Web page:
The Bridge At Cahors, France

This Medieval Bridge at Cahors, France (just south of the Dordogne Valley on the main north/south motorway to Carcassone and The Languedoc Region of southern France) was the dividing line between "English France," and French soil during the Hundred Years War. Its three massive stone towers and fortified gateways kept the two armies apart -- except after hours, when festive-minded soldiers from either side would sneak across the river in rowboats, wine and feast and carouse together, and return to their respective sides of the river with "fair warning" just in time for renewed hostilities at daybreak.

Monday, March 27, 2017


The flight from Santiago de Cuba to Haiti is predictably not on time. It is in fact, four hours late.  You have to admire Cuban consistency.  Upon landing and getting out of customs in orderly and rapid fashion, it was out to the taxi stands.  The usual hassle ensues.  They give you a vertical assessment (taking care to notice haircut, clothing, watch, thickness of wallet, and baggage) – which is essentially a “dollar scan” – and then pronounce a price.  It is mostly double what they hope to get.  I in turn announce the price I expect to pay.
Nearby cab drivers get bug eyed, point at me with glee, and bust half their buttons with laughter. They slap each other on the back and point again.  The Yankee expects to pay what? You say “too much” anyway.  They drop the price $5.  You say “still too much.”  They say “this is the price” (sometimes falling back on some phantom association and their very impressive official Taxi Driver Badges for uplifted prices).  Or they try some other higher authority gambit to stay firm in their pricing.  You walk.  They lower the price again.  Rinse, and repeat. Eventually you settle on a much lower number and depart.

It is immediately clear the capitol of Port au Prince is no place to linger.  The streets are torn up with culverts, earthquake and hurricane cracks, and drainage ditches.  It is dusty.  Filled with rubble.  Cascades of concrete block and disheveled rusted rebar are everywhere. The streets are littered with abandoned vehicles and piles of rubbish.  Pockets of barb wired, high-fence quality villas punctuate the poverty in no logical order.  Anything worth protecting is walled off with a barbed razor wire topping, and has a solid 6-foot tall movable driveway gate.  Traffic moves at perhaps 10 mph.  The street addresses are completely out of sequence. What is mostly evident is the lack of consistent color.  This is like a war zone housing project within a moonscape.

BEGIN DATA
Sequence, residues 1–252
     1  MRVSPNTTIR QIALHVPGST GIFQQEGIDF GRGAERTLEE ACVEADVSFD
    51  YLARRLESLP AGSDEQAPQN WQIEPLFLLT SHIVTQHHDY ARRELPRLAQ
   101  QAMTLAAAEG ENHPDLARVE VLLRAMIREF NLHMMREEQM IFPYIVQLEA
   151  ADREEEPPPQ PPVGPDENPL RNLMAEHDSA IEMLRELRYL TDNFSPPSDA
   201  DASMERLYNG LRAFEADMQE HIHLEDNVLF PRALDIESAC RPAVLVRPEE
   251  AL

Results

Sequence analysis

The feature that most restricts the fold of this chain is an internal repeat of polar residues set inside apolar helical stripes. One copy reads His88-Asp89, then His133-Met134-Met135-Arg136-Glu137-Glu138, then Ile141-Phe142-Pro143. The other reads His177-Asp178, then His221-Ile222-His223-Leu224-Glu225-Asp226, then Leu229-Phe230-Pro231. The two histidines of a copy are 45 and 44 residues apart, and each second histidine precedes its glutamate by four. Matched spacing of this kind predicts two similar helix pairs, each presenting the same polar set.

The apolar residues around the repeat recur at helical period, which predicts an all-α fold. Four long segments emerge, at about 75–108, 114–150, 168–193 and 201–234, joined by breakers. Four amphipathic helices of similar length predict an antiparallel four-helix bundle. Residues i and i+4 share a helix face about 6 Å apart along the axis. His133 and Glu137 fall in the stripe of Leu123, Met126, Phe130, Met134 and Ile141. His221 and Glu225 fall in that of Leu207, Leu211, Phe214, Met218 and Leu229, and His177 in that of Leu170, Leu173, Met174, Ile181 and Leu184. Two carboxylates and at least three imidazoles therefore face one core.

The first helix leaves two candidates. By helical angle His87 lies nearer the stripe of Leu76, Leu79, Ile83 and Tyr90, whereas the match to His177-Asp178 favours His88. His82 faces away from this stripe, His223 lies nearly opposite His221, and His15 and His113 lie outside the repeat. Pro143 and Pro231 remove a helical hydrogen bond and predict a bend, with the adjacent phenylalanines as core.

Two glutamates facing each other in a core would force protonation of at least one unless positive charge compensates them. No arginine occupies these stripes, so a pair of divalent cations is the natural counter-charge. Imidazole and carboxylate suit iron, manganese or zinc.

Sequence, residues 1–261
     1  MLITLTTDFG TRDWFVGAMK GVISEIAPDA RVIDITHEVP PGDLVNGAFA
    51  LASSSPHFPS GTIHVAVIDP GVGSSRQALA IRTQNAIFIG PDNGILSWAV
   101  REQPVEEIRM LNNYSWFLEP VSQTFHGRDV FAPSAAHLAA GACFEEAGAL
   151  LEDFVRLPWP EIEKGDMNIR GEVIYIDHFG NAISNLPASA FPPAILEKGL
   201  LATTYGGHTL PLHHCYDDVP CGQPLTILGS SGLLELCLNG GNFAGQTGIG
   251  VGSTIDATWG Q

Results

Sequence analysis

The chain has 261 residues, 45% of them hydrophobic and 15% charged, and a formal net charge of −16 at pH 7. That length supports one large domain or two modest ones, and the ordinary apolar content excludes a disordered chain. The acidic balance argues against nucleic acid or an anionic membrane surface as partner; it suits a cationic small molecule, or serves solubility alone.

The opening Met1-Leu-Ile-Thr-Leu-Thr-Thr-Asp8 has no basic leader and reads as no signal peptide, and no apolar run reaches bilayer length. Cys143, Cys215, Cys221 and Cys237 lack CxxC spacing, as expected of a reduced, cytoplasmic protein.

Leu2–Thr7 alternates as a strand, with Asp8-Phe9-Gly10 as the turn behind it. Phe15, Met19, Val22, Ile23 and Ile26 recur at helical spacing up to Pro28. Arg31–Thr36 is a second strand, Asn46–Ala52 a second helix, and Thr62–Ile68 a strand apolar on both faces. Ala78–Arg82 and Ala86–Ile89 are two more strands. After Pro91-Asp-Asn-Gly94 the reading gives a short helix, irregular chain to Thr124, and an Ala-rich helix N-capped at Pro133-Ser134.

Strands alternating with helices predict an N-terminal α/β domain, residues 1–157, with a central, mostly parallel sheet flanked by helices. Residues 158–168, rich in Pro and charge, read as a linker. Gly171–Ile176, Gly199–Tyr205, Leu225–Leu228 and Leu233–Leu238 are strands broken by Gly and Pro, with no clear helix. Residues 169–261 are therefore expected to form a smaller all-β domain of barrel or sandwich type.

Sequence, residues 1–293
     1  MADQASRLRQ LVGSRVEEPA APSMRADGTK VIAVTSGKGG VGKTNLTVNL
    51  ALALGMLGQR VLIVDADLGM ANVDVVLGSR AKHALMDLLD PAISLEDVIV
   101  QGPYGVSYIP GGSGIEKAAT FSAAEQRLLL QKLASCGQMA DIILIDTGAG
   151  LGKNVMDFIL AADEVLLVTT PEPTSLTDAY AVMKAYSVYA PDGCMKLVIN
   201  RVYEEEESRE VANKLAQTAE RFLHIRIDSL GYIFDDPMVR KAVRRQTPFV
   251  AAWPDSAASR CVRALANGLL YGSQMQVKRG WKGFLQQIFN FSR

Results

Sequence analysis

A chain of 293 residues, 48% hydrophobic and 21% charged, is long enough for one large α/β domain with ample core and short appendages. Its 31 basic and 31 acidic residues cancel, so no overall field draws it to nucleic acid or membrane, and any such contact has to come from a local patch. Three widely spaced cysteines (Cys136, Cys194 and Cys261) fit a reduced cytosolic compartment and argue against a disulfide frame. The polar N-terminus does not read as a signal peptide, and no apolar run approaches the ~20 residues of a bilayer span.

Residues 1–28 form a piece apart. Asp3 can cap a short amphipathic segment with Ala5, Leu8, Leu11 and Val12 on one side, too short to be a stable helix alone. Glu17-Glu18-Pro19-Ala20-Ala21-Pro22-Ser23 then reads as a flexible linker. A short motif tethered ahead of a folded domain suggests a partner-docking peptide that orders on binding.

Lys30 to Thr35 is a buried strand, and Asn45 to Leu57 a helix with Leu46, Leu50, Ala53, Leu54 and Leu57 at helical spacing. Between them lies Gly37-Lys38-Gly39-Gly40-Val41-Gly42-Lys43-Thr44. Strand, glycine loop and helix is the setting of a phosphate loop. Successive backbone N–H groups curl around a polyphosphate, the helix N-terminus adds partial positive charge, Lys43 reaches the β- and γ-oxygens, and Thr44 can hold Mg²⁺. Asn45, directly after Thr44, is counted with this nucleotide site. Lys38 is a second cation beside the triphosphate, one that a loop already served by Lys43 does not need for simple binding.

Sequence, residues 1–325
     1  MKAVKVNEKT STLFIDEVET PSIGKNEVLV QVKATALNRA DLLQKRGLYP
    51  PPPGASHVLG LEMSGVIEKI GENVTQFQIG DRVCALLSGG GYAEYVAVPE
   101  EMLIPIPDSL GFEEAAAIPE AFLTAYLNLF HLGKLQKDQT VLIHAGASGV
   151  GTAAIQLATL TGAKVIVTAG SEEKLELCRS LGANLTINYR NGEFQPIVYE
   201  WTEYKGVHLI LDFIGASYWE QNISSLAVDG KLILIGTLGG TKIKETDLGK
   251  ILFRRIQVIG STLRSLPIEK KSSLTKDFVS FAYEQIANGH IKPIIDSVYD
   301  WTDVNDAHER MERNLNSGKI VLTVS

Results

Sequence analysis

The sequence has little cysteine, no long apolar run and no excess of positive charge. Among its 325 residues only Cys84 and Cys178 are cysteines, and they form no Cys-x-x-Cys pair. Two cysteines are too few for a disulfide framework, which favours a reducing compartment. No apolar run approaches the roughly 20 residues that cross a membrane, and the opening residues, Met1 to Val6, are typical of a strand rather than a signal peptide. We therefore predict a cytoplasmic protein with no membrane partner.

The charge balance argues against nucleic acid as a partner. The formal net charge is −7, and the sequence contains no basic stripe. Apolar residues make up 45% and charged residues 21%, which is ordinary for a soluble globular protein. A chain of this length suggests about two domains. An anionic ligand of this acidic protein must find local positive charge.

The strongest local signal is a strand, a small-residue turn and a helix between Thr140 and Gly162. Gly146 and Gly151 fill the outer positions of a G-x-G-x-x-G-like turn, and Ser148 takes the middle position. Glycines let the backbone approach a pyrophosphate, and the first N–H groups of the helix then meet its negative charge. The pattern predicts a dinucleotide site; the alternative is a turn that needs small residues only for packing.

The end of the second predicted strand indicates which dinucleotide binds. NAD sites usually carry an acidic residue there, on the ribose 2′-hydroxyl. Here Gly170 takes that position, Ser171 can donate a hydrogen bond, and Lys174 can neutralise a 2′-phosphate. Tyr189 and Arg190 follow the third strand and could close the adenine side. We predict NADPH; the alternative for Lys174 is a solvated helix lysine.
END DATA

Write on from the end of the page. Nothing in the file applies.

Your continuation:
Port au Prince is one of the few places on the planet that does not evoke my curiosity.  I know I will be missing something, and those who have spent additional time here will be quick to point it out to me later.  Still, a quick decision is made to leave early the next morning for Cap Haitien, six hours to the north.  In the meantime, my hostess – a well educated and erudite foreign woman with a modern car and a fastidious sense of cleanliness – arranges dinner for me by the pool.

I am surprised to be fed beer, tomatoes, onions, salad, rice, and a delicious leg of chicken with attached thigh for about $10 US.  It is juicy, and so different than the dry Cuban chicken I have become accustomed to.  I am also surprised to get reliable in-room internet service for the first time on the journey, and use the opportunity to post pix and a brief narrative to Facebook if not this blog.  Sleep arrives easily, but with a sense I am going to miss a lot in this country due to the conditions I have witnessed outside my ideal little bunker and the ambitious reach of this journey as it extends far beyond poor Haiti.